Two weeks ago, we posted a video of Evaton Technologies RF Nomad: a modular synthesizer that employs shortwave radio to create unique sounds. As someone who has always been fascinating with music and the sonic texture of the shortwaves, of course I find this product fascinating.
Forbes magazine does too. This morning, @UlisK3LU shared an article in Forbes where Russell Hoffman, who runs Evaton Technologies, explains why he believes using shortwave radio in new RF Nomad will be a hit:
“What’s interesting about shortwave radio is that it isn’t necessarily musical by design, but there are interesting sounds to be found when the station tuning is less than perfect,” he said. “You can hear all sorts of sounds on shortwave, from voice, to music, to Morse Code or encoded digital transmissions. In addition to the sounds that are transmitted intentionally, there are sounds that are artifacts of the medium itself like heterodynes, pops, crackles, hiss, static crashes, fading and the like.”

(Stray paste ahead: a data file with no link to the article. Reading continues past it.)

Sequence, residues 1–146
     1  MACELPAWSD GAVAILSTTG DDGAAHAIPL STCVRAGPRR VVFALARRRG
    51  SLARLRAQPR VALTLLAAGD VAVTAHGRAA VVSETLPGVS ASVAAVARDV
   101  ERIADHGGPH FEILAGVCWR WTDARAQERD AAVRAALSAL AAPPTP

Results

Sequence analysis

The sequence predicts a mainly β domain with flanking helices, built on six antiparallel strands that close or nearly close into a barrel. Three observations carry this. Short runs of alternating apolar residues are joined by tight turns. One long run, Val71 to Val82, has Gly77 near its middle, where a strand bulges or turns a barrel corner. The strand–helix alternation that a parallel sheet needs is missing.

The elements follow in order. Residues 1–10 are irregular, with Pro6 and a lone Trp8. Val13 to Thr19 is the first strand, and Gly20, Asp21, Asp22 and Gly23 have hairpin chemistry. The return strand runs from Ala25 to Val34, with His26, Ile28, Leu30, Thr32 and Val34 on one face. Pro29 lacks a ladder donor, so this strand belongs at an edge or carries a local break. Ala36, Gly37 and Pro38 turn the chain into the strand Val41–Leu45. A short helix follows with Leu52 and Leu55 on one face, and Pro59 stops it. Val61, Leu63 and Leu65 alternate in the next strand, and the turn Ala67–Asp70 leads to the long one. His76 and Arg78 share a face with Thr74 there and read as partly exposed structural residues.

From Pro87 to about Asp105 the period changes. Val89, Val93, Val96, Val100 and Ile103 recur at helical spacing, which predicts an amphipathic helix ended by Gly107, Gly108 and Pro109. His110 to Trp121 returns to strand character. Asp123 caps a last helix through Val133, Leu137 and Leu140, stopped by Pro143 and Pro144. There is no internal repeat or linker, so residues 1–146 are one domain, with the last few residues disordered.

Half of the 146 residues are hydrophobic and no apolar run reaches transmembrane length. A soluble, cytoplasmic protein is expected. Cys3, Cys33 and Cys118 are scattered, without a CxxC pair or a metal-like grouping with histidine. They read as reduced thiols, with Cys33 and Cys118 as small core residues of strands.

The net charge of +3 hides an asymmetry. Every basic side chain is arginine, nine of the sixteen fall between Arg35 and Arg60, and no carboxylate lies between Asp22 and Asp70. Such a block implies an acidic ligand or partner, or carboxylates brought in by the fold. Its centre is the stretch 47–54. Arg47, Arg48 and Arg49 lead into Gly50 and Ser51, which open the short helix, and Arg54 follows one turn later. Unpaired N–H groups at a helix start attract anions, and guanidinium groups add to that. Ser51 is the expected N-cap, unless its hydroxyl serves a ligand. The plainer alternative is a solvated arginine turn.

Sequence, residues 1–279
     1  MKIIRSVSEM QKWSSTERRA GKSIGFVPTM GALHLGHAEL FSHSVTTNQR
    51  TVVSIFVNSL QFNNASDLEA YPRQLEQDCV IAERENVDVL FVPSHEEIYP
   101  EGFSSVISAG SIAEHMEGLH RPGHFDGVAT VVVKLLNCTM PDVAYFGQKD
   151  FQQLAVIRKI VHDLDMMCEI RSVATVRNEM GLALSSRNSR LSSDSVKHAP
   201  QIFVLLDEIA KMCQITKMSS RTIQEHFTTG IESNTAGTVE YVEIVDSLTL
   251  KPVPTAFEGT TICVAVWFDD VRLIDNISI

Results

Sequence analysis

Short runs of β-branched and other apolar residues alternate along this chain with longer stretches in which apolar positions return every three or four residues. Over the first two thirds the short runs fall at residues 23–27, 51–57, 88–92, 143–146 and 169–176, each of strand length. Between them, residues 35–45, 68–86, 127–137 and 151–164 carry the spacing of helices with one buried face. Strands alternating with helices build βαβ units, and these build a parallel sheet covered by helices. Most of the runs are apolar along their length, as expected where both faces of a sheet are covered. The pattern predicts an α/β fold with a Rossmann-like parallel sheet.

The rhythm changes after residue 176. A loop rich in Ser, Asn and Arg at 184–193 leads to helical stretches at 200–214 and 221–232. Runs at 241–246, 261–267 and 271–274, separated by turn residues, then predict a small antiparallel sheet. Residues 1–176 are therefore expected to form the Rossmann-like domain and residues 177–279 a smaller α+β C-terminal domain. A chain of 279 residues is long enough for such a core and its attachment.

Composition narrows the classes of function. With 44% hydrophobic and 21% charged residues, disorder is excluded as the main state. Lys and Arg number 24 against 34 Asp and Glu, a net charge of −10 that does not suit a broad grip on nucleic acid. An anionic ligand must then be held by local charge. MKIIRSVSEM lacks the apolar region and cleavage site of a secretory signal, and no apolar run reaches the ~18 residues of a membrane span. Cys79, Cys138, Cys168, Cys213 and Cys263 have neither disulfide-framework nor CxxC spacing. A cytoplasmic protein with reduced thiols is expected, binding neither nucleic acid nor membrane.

But here’s my favorite bit:
“Shortwave radio has a long and storied history, full of intrigue, espionage, piracy, rebellion, propaganda, and subterfuge,” he added. “It propagates around the world and can be received on inexpensive equipment. It is universal, because it can be heard anywhere; and yet at the same time, in a world of internet, TV, and satellite radio, it is also the underground — a hidden world parallel to that of our daily experiences. It offers an additional perspective.”
I couldn’t have said it better myself. Thank you, Mr. Hoffman.